The director Victor Fleming was what used to be called a man’s man, back when such people existed in Hollywood. A hunter and a fisherman, he loved flying planes, skippering boats and tearing around on motorcycles. Dashing and handsome, outwardly gruff but unabashedly sentimental, too, he was known for exceptional gallantry towards the many women who fell for him and became his lovers, including Clara Bow and Ingrid Bergman.
He wasn’t, however, “a man’s director”, as some have argued. He had great rapport with Douglas Fairbanks and Clark Gable and Spencer Tracy, who liked to think of themselves as regular guys, too, but he guided Bow and Judy Garland and Vivian Leigh through some of the best performances by female actors ever recorded on film.
He made first-rate films in many different genres, which has affected his reputation as an auteur, but he was much more than a journeyman. In 1939, he pulled off what may be the most impressive feat of any director in history, “saving” over the course of that one year two of the best movies ever made, both of which were productions in serious trouble when he arrived to take them in hand — The Wizard Of Oz and Gone With the Wind.
Both were unusually collaborative projects, “created” by vast numbers of brilliant people who concocted the ingredients that made their magic possible — but it’s hard to imagine any other director who could have organized those ingredients as Fleming did, infused them with the momentum, complexity and feeling that make them great.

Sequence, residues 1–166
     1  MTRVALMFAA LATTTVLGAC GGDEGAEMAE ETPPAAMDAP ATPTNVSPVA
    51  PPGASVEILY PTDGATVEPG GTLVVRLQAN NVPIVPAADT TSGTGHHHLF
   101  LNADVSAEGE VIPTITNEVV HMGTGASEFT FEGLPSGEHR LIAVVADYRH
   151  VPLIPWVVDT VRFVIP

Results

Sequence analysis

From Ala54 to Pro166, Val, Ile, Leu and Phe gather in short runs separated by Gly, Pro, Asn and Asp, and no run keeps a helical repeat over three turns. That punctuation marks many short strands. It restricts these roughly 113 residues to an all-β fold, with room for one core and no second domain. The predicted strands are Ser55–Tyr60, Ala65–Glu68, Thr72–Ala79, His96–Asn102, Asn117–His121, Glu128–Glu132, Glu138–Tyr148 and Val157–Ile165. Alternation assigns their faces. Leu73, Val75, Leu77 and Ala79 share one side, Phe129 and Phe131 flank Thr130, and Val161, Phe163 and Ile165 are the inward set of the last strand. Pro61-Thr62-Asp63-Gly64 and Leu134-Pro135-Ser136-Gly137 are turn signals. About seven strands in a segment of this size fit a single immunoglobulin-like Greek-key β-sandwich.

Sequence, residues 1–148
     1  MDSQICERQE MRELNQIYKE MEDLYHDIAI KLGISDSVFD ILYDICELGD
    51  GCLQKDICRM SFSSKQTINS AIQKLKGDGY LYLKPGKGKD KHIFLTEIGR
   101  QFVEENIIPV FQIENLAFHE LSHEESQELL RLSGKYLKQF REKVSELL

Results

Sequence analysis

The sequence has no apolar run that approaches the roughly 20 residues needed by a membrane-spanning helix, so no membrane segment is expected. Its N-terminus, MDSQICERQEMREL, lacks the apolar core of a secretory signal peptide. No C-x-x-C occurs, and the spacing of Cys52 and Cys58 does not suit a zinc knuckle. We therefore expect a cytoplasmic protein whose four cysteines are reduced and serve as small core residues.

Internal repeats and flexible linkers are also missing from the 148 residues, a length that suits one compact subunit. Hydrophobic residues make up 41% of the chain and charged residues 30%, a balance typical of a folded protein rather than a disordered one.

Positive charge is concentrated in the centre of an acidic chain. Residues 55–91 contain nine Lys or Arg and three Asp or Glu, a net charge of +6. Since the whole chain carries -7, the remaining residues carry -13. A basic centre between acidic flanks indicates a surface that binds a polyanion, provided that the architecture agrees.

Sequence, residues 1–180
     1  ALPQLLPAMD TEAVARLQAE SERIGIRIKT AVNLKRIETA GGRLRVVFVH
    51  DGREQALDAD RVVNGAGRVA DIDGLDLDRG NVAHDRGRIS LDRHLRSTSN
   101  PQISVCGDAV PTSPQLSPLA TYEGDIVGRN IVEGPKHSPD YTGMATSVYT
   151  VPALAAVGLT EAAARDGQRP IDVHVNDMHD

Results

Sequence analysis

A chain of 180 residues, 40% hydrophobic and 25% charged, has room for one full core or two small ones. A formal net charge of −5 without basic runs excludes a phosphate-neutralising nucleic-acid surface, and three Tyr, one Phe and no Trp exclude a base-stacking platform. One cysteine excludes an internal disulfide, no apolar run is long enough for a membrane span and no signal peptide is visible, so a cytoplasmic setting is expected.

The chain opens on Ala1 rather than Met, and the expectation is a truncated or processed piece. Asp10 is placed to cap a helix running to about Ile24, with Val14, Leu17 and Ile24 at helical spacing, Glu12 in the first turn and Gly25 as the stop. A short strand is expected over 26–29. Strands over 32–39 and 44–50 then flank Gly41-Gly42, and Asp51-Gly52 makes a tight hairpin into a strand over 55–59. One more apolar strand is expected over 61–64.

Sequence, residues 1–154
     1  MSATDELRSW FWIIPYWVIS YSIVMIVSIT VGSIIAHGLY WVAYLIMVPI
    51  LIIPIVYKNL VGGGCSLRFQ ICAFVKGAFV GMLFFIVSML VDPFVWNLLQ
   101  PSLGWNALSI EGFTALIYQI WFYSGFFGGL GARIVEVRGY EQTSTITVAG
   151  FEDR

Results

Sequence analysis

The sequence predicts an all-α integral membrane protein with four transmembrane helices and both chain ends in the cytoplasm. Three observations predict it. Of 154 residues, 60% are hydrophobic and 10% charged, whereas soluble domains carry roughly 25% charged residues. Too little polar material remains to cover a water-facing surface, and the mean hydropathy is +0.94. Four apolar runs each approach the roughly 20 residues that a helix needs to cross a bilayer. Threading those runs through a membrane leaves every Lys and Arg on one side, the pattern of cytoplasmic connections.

Fleming did it by his combination of strength, sensitivity and mastery of his craft. He brought out the child in Garland, who was anything but a child when she ventured into Oz. He brought out the larger-than-life vulgarity in Leigh, who wanted to play Scarlett as a grand and great lady, a creature of the drawing room rather than the center of a sprawling epic. He got Clark Gable to cry, in violation of Gable’s strongest instincts about how his star persona had to behave on screen.
Fleming imbued both those films with humanity and emotion without any cheap appeals to the heartstrings. He gave them pace and nuance. He made them classics, which play as well today as they ever did.
Michael Sragow’s wonderful new biography of Fleming gives the director his due without romanticizing the man or making greater claims for his artistry than his work can sustain, great as though claims may be.
Almost everyone agrees that The Wizard Of Oz and Gone With the Wind rank among the greatest glories of the Hollywood studio system. Hardly anyone thinks of their director as a major artist. Sragow’s book tries to resolve that paradox.
Ironically, it’s a paradox that probably wouldn’t have bothered Fleming. Being known as a fine and reliable director of commercial fare, having a reputation as a singular artist, were only important to him as levers he could use to get his way as a filmmaker, among the studio brass and on the set, where it mattered. Otherwise, he did his work, then went home and lived his life.
He just happened to do some of the best work ever done in the history of cinema.